Investing in real estate and allowing others to pay the mortgage for you is one of the soundest means of building wealth over the long haul. It’s been done for decades by savvy investors who’ve been able to use the power of leveraging.
But you don’t have to be a millionaire to make this happen, nor do you have to have a Masters degree in finance, real estate, or other related field.
What you do need is a sound plan of attack, and the diligence to find the right property, and the right tenant.
Aside from the property itself, the individual(s) that you allow to occupy your unit can make or break your investment. An excellent tenant will almost seem like there’s absolutely no work involved, while a horrible tenant can make your life miserable, and cost you a ton in profits.
So how do you go about finding the perfect tenant? While no plan is foolproof, there are certain vital questions to ask a prospective tenant to increase the odds of a positive experience.
1. Do you have references?
A great way to gauge what type of tenant an applicant would make is to ask for references from previous landlords. You could also speak with the current landlord about what the tenant is like; however, you should be careful with this approach. If the current landlord wants to get rid of the tenant, he or she might pretend that everything is fine.
You’ll likely get more accurate and honest information from previous landlords who no longer have any dealings with the tenant. If previous landlords have nothing good to say about the tenant, you might want to keep looking.
2. What is your credit like?
One of the biggest concerns that landlords have is whether or not their tenants are able to pay on time and in full each month. After all, it’s the incoming rental checks that are sustaining the investment’s profitability. Getting your hand on the prospective tenant’s credit report is a great way to determine how likely they are to make timely payments. These reports will show their credit scores, and any information about delinquencies in payments.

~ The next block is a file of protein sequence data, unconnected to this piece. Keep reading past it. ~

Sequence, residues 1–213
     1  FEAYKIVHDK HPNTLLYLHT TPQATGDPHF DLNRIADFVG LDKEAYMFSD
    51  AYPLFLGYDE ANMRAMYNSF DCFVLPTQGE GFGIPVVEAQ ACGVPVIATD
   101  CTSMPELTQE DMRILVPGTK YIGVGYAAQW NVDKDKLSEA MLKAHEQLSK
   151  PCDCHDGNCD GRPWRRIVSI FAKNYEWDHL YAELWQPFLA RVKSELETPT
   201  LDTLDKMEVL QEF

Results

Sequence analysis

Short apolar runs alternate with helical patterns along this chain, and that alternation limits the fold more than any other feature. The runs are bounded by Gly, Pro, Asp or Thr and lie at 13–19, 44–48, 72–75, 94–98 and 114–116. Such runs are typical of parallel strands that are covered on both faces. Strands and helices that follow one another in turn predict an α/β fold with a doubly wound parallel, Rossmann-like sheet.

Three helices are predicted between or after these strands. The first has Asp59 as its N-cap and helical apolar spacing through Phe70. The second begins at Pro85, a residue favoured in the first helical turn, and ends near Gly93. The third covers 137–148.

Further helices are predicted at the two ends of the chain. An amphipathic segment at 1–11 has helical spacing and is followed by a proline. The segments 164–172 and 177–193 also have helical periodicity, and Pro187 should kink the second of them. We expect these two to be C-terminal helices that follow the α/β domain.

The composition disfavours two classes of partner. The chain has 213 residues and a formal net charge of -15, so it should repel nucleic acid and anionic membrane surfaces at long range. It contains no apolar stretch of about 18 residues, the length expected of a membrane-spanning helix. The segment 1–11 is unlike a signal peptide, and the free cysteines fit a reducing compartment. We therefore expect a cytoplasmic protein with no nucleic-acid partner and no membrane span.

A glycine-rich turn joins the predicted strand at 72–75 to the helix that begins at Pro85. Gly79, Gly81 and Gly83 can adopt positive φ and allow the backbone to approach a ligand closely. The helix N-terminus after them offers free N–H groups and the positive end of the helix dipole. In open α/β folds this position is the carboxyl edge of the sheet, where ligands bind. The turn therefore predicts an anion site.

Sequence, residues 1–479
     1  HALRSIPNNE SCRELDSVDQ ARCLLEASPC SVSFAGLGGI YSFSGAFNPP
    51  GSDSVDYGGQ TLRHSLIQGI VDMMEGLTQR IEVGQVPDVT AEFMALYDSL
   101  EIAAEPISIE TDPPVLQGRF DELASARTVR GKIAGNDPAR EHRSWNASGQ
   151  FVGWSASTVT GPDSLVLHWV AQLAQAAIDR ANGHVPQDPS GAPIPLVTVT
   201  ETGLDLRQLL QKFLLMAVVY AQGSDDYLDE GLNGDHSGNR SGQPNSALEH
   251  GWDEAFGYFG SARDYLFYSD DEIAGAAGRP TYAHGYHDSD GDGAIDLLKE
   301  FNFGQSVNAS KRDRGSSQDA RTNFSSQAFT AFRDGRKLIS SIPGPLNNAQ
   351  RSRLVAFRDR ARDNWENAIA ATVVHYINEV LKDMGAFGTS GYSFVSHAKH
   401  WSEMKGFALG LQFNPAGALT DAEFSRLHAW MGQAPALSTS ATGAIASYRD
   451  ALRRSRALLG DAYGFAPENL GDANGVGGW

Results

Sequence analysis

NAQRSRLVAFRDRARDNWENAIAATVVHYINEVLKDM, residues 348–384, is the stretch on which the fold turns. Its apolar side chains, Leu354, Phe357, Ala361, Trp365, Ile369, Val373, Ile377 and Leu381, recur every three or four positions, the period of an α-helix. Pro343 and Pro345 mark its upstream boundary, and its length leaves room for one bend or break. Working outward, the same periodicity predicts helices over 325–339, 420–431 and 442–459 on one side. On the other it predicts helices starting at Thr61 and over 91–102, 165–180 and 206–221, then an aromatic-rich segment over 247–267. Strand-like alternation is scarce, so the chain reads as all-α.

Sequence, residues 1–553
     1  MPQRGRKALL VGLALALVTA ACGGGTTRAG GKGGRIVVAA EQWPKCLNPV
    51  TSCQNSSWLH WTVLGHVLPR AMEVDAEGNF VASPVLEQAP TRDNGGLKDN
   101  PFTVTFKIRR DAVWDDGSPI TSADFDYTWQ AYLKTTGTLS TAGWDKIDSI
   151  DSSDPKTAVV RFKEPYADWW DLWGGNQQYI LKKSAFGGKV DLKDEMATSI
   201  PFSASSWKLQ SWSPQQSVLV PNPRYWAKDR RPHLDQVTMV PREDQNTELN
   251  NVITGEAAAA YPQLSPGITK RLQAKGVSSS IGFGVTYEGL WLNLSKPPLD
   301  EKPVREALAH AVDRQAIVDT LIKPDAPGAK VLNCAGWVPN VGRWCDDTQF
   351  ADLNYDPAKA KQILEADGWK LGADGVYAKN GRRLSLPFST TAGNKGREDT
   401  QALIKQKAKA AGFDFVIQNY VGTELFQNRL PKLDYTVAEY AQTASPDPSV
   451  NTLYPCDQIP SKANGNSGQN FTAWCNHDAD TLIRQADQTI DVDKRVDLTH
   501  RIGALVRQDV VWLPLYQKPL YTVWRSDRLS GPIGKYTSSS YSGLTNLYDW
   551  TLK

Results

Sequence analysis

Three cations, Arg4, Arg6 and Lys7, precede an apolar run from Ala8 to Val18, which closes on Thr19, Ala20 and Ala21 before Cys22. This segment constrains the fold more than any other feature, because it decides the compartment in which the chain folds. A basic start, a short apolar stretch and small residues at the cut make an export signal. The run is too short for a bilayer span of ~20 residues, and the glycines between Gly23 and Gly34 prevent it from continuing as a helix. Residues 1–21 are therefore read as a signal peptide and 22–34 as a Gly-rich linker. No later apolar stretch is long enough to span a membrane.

You can’t demand this report; instead, you will need to get permission from the tenant to get it. A person with good credit will be more likely to have no problems obtaining this report and handing it over, or at least providing you with the portion that shows the actual credit score. On the other hand, someone with something to hide may be a lot more hesitant to provide this information.
3. What is your income?
In addition to the potential tenant’s history of paying their debts on time, you also want to be sure that there income is sufficient enough to cover the rent, along with all of life’s other expenses. It’s standard protocol to ask for an income statement or two, as well as a letter directly from the employer verifying the individual’s position within the company and the yearly salary.
A good rule of thumb is to make sure that the tenant’s salary is around three times the rental cost. That way, there’s plenty of wiggle room with expenses, and little excuse not to be able to make each month’s rent.
4. Do you have any pets?
If you are not a fan of having pets living in your unit, specify that from the get-go. If you are fine with pets, you may want to consider asking for a damage deposit, but make sure the tenant agrees and it is put in writing. It’s important to note that landlords can’t legally prevent tenants from bringing pets into rental properties.
The only exception is if your unit is in a condominium, and the building declaration specifically states that pets are not permitted. Even if you are OK with a tenant bringing pets on board, your board’s declaration may not coincide.
5. May I have permission to run a background check?
A credit check is a great tool to make sure the tenant has a good history of making good on their debt payments. But having a background check run can provide even further insight into whether the tenant has run into any legal issues in the past. Again, you’ll need permission to run this background check from the tenant – if they grant such permission, make sure to get it in writing.
6. Will other people be living here?
When the tenant fills out the lease, he or she will have to list every single individual that will be living on the premises. But before you get to that point, be sure to ask the tenant how many people plan on calling your unit home. While you don’t want to discriminate against anyone, you also don’t want to rent out your 1-bedroom unit only to find out there are 8 college kids living there.
7. Have you been evicted before?
Hopefully you’ll be able to find out this answer from your phone calls to previous landlords. In any case, it’s helpful to ask. If the tenant admits to being evicted, find out why and be very cautious going forward. While there may be factors that led to the eviction that were out of the tenant’s control, you’ll still want to tread lightly.
Don’t rent out your unit to the first person who shows interest just to get the space filled. It’s worth the wait when you can find someone who meets all of you criteria and ends up being an ideal tenant.